By: Gleason Center Editors, Dr. Daniel Gleason DC
Dr. Gleason responds to claims from Harvard professor, Karin Michels, that coconut oil is “pure poison” and “one of the worst foods you can eat”. This sensationalized story has recently gone viral and our doctors hope to clear the confusion. Spoiler alert: Coconut oil in moderation is and always has been GOOD FOR YOU!
A Response To “Coconut Oil and other Nutritional Errors”
I have been asked to comment on a recent lecture that’s received over 1.2 million views on YouTube.
Firstly, I’d like to clarify that this story was originally published in a Dutch business publication, not a scientific journal.
Secondly, let’s examine the credentials of the lector. Karin Michels PhD. is an adjunct professor of epidemiology who primarily studies breast cancer predispositions; much of which focuses on things like prenatal obesity, birth weight, and maternal breast size. I can find no articles which she has written on dietary fats.
Karin Michels has received grants from The American Cancer Society, The Department of Defense, and the NIH. These are conventional sources paying for research along conventional lines of inquiry.
Her comments regarding coconut oil rely primarily on the outdated assumption that all saturated fats are bad. Michels doesn’t distinguish between man-made saturated fats (trans fats, margarine, hydrogenated soybean oil, cottonseed oil) and saturated fats from healthy animals (grass fed butter, cheese, lard, tallow).
In total contrast to the sensationalized title, the article goes on to cite several studies that show there is no connection (or even perhaps an inverse relationship) between the consumption of saturated fats and disease.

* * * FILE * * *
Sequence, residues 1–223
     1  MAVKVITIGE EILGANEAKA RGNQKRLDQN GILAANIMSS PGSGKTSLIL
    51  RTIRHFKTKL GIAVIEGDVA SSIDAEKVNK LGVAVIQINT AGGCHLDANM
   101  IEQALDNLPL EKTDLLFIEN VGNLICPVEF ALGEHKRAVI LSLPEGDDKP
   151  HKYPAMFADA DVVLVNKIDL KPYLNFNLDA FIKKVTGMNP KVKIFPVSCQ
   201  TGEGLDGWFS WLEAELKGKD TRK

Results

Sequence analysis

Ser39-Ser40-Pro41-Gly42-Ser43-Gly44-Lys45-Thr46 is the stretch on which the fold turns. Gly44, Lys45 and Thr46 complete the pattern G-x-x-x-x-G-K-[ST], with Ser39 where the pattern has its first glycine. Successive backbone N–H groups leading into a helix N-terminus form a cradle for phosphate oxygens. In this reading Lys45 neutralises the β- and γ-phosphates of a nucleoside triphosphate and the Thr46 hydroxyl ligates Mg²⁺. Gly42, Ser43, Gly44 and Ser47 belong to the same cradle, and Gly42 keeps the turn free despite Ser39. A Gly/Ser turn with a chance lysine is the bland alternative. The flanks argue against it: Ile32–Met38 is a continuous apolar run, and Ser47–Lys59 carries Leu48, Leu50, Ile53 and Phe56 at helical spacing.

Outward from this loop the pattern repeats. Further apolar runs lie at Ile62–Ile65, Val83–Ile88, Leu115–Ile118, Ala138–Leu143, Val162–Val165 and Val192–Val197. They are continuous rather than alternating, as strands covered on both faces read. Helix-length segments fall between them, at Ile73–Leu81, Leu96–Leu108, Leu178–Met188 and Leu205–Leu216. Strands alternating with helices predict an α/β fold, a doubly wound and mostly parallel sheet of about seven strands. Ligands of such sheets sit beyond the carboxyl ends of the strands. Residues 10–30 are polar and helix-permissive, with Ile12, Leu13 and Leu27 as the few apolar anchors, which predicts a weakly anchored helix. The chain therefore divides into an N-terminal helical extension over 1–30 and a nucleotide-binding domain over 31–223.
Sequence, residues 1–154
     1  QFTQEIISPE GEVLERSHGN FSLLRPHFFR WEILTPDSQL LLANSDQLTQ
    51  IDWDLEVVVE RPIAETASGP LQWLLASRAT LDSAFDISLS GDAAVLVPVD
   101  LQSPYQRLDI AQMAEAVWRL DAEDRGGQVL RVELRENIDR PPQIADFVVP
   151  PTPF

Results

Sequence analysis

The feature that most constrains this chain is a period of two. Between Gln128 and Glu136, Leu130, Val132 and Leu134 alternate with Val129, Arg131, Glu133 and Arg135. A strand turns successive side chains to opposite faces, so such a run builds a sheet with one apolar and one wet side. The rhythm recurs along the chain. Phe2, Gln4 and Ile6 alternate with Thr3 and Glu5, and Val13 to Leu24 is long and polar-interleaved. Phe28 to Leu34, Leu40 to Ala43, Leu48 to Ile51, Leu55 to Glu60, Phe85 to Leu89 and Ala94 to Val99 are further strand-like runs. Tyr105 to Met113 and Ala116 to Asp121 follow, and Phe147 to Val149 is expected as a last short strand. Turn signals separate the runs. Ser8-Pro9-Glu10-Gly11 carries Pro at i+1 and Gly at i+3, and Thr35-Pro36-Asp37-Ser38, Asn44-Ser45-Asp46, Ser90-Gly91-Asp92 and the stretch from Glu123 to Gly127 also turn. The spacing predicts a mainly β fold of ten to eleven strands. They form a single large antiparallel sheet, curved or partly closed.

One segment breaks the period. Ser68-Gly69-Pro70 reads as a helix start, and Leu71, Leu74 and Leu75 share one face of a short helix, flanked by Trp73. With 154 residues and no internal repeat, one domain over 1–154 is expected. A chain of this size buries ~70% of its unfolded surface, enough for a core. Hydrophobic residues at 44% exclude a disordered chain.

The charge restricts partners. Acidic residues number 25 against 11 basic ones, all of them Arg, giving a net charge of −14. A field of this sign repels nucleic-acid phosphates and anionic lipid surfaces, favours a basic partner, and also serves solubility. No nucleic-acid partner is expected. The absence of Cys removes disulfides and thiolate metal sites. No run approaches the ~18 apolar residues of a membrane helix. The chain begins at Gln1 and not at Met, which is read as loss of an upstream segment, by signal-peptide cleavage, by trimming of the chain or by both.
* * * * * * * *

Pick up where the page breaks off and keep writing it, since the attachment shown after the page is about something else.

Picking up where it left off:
One article from the prestigious Lancet, using data from 135,000 people in 18 countries, found that a high fat, low carbohydrate diet was associated with a 23% lower risk of death from all causes.
The other study cited was published in the American Journal of Clinical Nutrition. It indicated that people who routinely consume cheese, whole milk, and other high fat dairy products are at no higher risk of dying from heart attack, stroke, or other illness than those who avoid such products.
This story overall is nothing more than a typical attention-grabbing headline, not based on science. Coconut oil in moderation has numerous health benefits. Shame on Dr. Michels for commenting on something she is not an expert on and has not carefully studied. It’s this type of thing that gives science a bad name and confuses patients. Also shame on Business Insider for giving the impression in their title that coconut oil is bad for you. They certainly know most people won’t read any further than the headline.
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